Political Oscars, the Césars, the Skandies and more.
As Catherine Shoard reports for the Guardian, the six directors behind the five films nominated for the foreign language Oscar have all signed a statement condemning, per the statement, "the climate of fanaticism and nationalism we see today in the US and in so many other countries, in parts of the population and, most unfortunately of all, among leading politicians." The signatories:
- Maren Ade (Toni Erdmann, Germany).
- Martin Butler and Bentley Dean (Tanna, Australia).
- Asghar Farhadi (The Salesman, Iran).
- Hannes Holm (A Man Called Ove, Sweden).
- Martin Zandvliet (Land of Mine, Denmark).
Shoard reminds us that Farhadi, "who became the first Iranian to win an Oscar in 2012 for his film A Separation, has already said he will boycott the ceremony in protest against Donald Trump’s attempts to enforce a travel ban which would exclude from the US people from seven Muslim-majority countries." Tomorrow, London mayor Sadiq Khan will introduce a free screening of The Salesman on Trafalgar Square.
Orlando von Einsiedel's The White Helmets has been nominated for Best Documentary Short and, as he writes for the Talkhouse Film, when his team heard the news, the "first people we called were Khaled Khateeb, the film’s cinematographer, and Raed Saleh, the leader of the White Helmets. Immediately, we began making plans for them to join us." Then came the travel ban. "Fortunately, a few days ago, Raed and Khaled both got their visas and, touch wood—as long as there isn’t some new executive order announced—they will be able to join us at the Oscars…. We’ll remain cautiously apprehensive until we see them walk through the arrival gates at LAX, where we’ll be waiting to give them the warmest welcome possible."
Update: From the AP's Bradley Klapper: "According to internal Trump administration correspondence seen by The Associated Press, the Department of Homeland Security has decided at the last minute to block Khaled Khateeb from traveling to Los Angeles for the Oscars. Khateeb was scheduled to arrive Saturday in Los Angeles on a Turkish Airlines flight departing from Istanbul. But his plans have been upended after US officials reported finding 'derogatory information' regarding Khateeb. Derogatory information is a broad category that can include anything from terror connections to passport irregularities."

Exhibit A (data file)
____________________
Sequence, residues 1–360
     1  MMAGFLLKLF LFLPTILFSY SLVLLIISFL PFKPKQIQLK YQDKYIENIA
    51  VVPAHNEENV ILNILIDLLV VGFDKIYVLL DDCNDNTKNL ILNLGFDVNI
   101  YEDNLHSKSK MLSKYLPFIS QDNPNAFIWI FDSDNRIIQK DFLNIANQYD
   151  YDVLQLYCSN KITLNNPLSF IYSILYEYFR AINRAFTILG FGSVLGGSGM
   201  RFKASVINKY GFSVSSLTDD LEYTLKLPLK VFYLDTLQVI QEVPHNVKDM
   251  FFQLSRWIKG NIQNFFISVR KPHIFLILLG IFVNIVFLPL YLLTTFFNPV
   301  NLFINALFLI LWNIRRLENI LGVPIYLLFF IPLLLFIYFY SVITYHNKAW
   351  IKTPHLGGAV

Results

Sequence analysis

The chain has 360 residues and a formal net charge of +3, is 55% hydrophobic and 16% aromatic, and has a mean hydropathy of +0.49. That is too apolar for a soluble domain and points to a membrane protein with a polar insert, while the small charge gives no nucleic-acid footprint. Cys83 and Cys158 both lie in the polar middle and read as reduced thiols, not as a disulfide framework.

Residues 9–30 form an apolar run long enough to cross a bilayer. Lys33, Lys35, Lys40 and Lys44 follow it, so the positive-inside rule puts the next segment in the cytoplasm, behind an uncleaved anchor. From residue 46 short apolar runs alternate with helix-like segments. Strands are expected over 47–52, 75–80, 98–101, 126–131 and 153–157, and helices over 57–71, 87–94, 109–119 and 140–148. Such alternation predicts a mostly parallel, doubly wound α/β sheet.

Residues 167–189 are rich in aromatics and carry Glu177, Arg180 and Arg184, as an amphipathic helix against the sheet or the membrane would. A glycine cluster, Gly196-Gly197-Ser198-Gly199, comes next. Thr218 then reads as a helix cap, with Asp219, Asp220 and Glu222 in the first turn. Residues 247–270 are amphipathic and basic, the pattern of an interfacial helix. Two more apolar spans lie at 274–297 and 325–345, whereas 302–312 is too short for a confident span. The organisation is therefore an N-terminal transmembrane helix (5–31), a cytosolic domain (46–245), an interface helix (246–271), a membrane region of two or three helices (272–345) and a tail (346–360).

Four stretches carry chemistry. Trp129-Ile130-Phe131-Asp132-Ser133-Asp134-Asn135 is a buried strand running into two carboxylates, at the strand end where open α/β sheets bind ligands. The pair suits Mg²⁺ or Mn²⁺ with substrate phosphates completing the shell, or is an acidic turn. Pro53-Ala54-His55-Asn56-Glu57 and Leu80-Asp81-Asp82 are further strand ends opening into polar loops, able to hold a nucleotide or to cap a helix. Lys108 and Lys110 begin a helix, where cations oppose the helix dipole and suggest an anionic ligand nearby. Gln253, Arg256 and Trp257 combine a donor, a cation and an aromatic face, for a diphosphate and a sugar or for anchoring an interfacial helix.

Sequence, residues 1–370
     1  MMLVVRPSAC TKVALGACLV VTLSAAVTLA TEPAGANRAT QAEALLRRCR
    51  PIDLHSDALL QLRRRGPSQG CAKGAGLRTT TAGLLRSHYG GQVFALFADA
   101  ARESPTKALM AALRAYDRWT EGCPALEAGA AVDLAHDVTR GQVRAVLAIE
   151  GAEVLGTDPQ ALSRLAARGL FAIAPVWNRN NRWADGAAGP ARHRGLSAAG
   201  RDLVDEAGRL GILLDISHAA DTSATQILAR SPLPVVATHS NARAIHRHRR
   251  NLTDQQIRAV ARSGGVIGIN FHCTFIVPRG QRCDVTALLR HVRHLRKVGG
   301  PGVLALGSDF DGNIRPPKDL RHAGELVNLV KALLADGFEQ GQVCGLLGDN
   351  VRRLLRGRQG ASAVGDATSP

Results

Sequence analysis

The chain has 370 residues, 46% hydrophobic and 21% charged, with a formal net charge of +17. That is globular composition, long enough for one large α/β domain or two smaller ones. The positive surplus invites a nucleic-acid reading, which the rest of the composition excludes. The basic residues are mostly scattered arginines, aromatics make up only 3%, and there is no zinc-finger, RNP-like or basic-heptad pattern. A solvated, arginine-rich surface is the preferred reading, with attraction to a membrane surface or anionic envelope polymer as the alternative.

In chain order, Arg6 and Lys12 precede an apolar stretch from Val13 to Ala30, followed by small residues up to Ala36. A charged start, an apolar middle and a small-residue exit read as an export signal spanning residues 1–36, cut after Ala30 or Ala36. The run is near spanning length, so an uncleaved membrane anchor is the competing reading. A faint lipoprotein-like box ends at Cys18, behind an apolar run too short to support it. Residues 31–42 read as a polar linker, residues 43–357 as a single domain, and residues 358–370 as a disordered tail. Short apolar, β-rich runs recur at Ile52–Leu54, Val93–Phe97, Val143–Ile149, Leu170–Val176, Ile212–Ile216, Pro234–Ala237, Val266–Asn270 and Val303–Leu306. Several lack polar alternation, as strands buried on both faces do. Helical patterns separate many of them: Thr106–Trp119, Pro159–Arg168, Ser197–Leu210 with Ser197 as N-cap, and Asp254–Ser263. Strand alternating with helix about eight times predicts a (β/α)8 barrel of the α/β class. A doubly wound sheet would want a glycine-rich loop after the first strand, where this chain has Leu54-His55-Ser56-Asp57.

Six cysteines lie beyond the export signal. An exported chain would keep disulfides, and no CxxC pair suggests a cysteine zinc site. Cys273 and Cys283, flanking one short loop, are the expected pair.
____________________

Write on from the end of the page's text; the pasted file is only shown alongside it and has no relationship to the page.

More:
By Tuesday, I'd thought the last of the guilds had presented their awards. I was wrong. Later that night, Costume Designers Guild announced its winners and, of course, La La Land did not walk away empty-handed.
The 42nd César Awards, France's rough equivalent of the Oscars, were presented last night:
- Best Film: Paul Verhoeven's Elle.
- Best Debut Film: Houda Benyamina's Divines.
- Best Documentary Film: François Rufin's Merci patron!
- Best Animated Feature: Claude Barras's My Life as a Zucchini.
- Best Foreign Film: Ken Loach's I, Daniel Blake.
- Best Director: Xavier Dolan for It's Only the End of the World.
- Best Actress: Isabelle Huppert for Elle.
- Best Supporting Actress: Déborah Lukumuena for Divines.
- Most Promising Actress: Oulaya Amamra for Divines.
- Best Actor: Gaspard Ulliel for It's Only the End of the World.
- Best Supporting Actor: James Thierrée for Chocolat.
- Most Promising Actor: Niels Schneider for Dark Diamond.
- Best Original Screenplay: Solveig Anspach and Jean-Luc Gaget for The Aquatic Effect.
- Best Adaptation: Céline Sciamma for My Life as a Zuchinni.
- Best Cinematography: Pascal Marti for Frantz.
- Best Editing: Xavier Dolan for It's Only the End of the World.
- Best Original Score: Ibrahim Malouf for In the Forests of Siberia.
- Best Sound: Marc Engels, Fred Demolder, Sylvain Réty and Jean-Paul Hurier for The Odyssey.
- Best Costumes: Anaïs Romand for The Dancer.
- Best Production Design: Jérémie D. Lignol for Chocolat.
- Best Animated Short: Fabrice Luang-Vija's He Who Has Two Souls.
- Best Short Film: It's a tie: Alice Diop's Vers la Tendresse and Maïmouna Doucouré's Maman(s).
Last week, Manchester by the Sea came out on top of the Skandies, one of our favorite annual polls. A few days later, Mike D'Angelo, who's been conducting the poll since the mid-90s, crunched a whole lot of numbers to produce umpteen lists of various results spanning two decades that'll delight any stats-loving cinephile.
Time Out has put together a list of "the 100 best British films as chosen by a panel of 150 actors, directors, writers, producers, critics and other industry bigwigs. We've spoken to Wes Anderson, Mike Leigh, Ken Loach, Sam Mendes and Terence Davies, David Morrissey, Sally Hawkins, Thandie Newton and many, many more." And every title gets a paragraph or two. The top ten:
- Nicolas Roeg's Don't Look Now (1973).
- Carol Reed's The Third Man (1949).
- Terence Davies's Distant Voices, Still Lives (1988).
- Ken Loach's Kes (1969).
- Michael Powell and Emeric Pressburger's The Red Shoes (1948).
- Powell and Pressburger's A Matter of Life and Death (1946).
- Nicolas Roeg and Donald Cammell's Performance (1970).
- Robert Hamer's Kind Hearts and Coronets (1949).
- Lindsay Anderson's If… (1968).
- Danny Boyle's Trainspotting (1996).
Depending on how you look at it, Cinetrii is a useful service, fun toy or dangerous time-suck that, as its creator, Nils Everling, explains, "attempts to algorithmically connect movies based on inferences by critics." Now he's looked into "the reviewers who diligently draw the parallels and make the inferences that my thematic search engine depends on. Are some more knowledgeable than others? I made a metric based on inverse popularity of the films mentioned by the critics."
Today in Dublin, Martin Scorsese, "whose upcoming mob movie The Irishman is the subject of a dispute regarding its international rights, will receive the John Ford Award from Michael D. Higgins, President of Ireland," reports Variety's Leo Barraclough.